It was one of those emails that I’ll always remember – Stuart MacDonald, former creative vision and leader of The Lighthouse and Grays Art College in Aberdeen popped an email into the Snook inbox inviting me to teach in Taiwan.
There wasn’t really much to consider, other than yes! I’ve never been this far across the world, the farthest “east’ I ever got was Tanzania back in 2004. So as I sit and write this at 39,000 ft as we skirt past Malaysia into Singapore I’m feeling slightly apprehensive, nervous but excited.
I’m off to teach service design to a group of commercial design students at the National Tawain University of Science and Technology. I’ve got six days with them to introduce the concepts behind the discipline of service design and take their ideas from scratch to full service concepts for new tourist services in Taipei. Tough? Yes.
As I’ve mulled over my day to day lesson plans on the plane through sunrise, sunset, sunrise, night…actually I have no clue what time it is any more…I’ve begun to question what l’ll actually be teaching – I’ve been asked to teach service design. More often than not, when faced with this challenge I end up concentrating mostly on the idea of prototyping and bringing ideas to life with an underlying focus of user centric thinking. I don’t care if the students design a product, a platform, a service or an application. What I do care about is how they consider the user experience and bring their thinking to life.
What I’ve found fascinating is language, and even more so culture. I’d love to continue teaching around the world and importantly learning from students and professionals in different countries. When Snook taught in Finland at the start of the year it was fascinating to talk to some of the innovation leaders from the northern part of the country. They spoke about the lack of empathy in the services they deliver. Finland offer very efficient services but are missing the ‘human’ element. I remember asking why and the answer I got was the reality that the Fins are shy. It’s part of their culture.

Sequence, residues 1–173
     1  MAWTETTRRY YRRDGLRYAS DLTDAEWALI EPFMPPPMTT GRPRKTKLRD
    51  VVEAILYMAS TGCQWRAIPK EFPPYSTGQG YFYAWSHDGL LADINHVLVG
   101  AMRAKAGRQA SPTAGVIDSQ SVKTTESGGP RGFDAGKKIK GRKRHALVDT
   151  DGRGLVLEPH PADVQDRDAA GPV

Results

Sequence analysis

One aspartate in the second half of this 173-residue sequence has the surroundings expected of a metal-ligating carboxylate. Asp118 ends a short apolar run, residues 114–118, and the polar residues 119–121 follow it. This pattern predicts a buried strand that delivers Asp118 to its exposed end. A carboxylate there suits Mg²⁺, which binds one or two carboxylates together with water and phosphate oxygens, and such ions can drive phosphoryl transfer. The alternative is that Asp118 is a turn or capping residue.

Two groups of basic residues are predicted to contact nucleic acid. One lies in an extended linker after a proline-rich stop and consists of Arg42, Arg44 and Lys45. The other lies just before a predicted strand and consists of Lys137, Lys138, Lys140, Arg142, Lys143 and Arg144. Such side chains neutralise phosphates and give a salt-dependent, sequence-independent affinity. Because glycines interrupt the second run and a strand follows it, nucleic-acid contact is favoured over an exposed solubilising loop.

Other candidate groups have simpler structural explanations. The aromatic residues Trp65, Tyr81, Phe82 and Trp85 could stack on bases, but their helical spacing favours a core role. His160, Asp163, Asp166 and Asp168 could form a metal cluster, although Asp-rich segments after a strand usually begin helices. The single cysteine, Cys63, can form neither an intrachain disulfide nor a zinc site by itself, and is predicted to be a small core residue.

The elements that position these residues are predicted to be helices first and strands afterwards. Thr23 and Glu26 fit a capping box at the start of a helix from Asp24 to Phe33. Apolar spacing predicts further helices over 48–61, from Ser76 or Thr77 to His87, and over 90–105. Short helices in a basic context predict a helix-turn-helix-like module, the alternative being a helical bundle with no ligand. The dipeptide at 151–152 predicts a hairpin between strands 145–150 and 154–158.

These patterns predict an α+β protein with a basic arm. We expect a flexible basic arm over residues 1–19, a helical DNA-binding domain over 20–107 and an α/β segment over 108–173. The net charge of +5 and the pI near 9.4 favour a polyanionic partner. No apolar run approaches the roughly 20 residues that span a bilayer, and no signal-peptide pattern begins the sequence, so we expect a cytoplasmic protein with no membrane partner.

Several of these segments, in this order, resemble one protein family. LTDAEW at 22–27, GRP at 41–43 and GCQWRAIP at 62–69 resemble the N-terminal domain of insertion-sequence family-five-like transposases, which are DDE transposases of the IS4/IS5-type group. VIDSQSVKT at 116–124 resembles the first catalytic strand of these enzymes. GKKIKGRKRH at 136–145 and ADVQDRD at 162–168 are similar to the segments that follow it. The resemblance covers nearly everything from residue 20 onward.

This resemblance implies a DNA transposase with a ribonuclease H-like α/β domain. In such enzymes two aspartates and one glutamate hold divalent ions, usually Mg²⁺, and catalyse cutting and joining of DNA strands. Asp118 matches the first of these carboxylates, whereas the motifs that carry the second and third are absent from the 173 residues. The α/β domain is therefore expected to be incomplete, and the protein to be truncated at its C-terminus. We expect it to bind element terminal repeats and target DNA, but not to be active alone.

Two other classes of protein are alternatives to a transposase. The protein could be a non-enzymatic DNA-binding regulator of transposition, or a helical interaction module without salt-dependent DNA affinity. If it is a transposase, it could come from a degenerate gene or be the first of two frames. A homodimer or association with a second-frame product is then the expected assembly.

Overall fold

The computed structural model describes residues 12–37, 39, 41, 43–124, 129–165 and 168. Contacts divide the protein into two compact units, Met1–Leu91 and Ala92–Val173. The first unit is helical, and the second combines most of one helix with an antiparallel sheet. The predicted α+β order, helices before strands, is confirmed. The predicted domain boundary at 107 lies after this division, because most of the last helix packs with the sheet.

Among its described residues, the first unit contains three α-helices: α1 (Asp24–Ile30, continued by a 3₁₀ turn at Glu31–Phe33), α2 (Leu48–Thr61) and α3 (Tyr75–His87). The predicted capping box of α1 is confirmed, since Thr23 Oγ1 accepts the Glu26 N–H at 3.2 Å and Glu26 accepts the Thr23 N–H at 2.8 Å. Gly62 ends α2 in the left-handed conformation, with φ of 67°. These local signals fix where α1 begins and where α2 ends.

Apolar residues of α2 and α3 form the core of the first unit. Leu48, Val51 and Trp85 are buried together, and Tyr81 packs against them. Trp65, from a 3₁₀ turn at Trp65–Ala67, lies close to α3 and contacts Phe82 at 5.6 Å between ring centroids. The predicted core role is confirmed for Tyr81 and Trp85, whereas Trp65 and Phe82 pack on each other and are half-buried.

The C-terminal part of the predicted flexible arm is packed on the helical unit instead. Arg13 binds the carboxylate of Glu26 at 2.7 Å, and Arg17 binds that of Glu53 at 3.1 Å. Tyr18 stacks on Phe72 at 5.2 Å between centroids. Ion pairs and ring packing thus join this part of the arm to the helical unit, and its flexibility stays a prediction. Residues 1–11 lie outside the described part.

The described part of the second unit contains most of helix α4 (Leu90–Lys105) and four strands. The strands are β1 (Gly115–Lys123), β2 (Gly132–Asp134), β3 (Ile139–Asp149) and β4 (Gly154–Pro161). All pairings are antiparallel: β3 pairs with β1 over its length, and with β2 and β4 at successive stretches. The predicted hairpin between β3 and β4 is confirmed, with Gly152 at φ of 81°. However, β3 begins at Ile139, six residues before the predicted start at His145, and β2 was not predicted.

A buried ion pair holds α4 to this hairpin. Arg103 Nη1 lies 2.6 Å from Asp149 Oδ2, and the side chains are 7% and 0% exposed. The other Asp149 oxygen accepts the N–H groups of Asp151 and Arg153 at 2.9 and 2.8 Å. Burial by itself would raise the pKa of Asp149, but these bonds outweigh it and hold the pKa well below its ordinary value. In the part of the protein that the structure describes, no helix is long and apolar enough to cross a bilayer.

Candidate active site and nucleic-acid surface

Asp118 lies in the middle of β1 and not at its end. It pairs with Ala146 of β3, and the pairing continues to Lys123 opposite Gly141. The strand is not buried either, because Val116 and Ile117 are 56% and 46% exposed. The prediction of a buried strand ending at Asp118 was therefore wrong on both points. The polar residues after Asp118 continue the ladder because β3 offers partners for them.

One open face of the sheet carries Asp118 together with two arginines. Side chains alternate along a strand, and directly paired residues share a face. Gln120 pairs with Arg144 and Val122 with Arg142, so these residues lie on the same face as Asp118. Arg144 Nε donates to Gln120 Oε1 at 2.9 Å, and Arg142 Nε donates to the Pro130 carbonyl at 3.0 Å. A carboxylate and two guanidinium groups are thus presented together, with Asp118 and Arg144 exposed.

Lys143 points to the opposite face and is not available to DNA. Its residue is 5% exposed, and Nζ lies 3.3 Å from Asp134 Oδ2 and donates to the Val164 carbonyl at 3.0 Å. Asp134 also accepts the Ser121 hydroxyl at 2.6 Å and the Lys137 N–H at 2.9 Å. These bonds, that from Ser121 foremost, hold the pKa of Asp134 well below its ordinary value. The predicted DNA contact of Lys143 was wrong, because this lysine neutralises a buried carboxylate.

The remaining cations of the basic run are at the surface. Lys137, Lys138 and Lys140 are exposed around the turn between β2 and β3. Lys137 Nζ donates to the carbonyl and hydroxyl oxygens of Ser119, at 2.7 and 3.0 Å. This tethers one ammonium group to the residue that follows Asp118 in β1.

My service experiences in Taiwan have already been entirely different to anything I’ve ever experienced before. As I entered the Singapore aircraft I couldn’t believe there were framed pictures on the wall! It’s the small touches – staff dressed in traditional Singapore costume , their politeness, the attentiveness to your needs – that make a difference. But you know the thing that really got me ? The cutlery was metal and not plastic. It gave me that extra touch of luxury even though I was on an economy flight.
I’m intrigued to experience what Taiwanese services will be like and how the students will perceive our style of thinking. How does a countries culture impact on the way services are delivered? What does this mean when we come to design services? Could I really design a service for Tawiain without embedding myself here for a sustained period of time?
How do we consider the rich tapestry of different cultures when we are designing new experience for countries so different from our homes? It would be interesting to hear from those of you who have had experience in this..
As ever, I’ve got a plan but I’m willing to rip it up two hours into the week. That’s the art of iterative delivery right?
Wish me luck.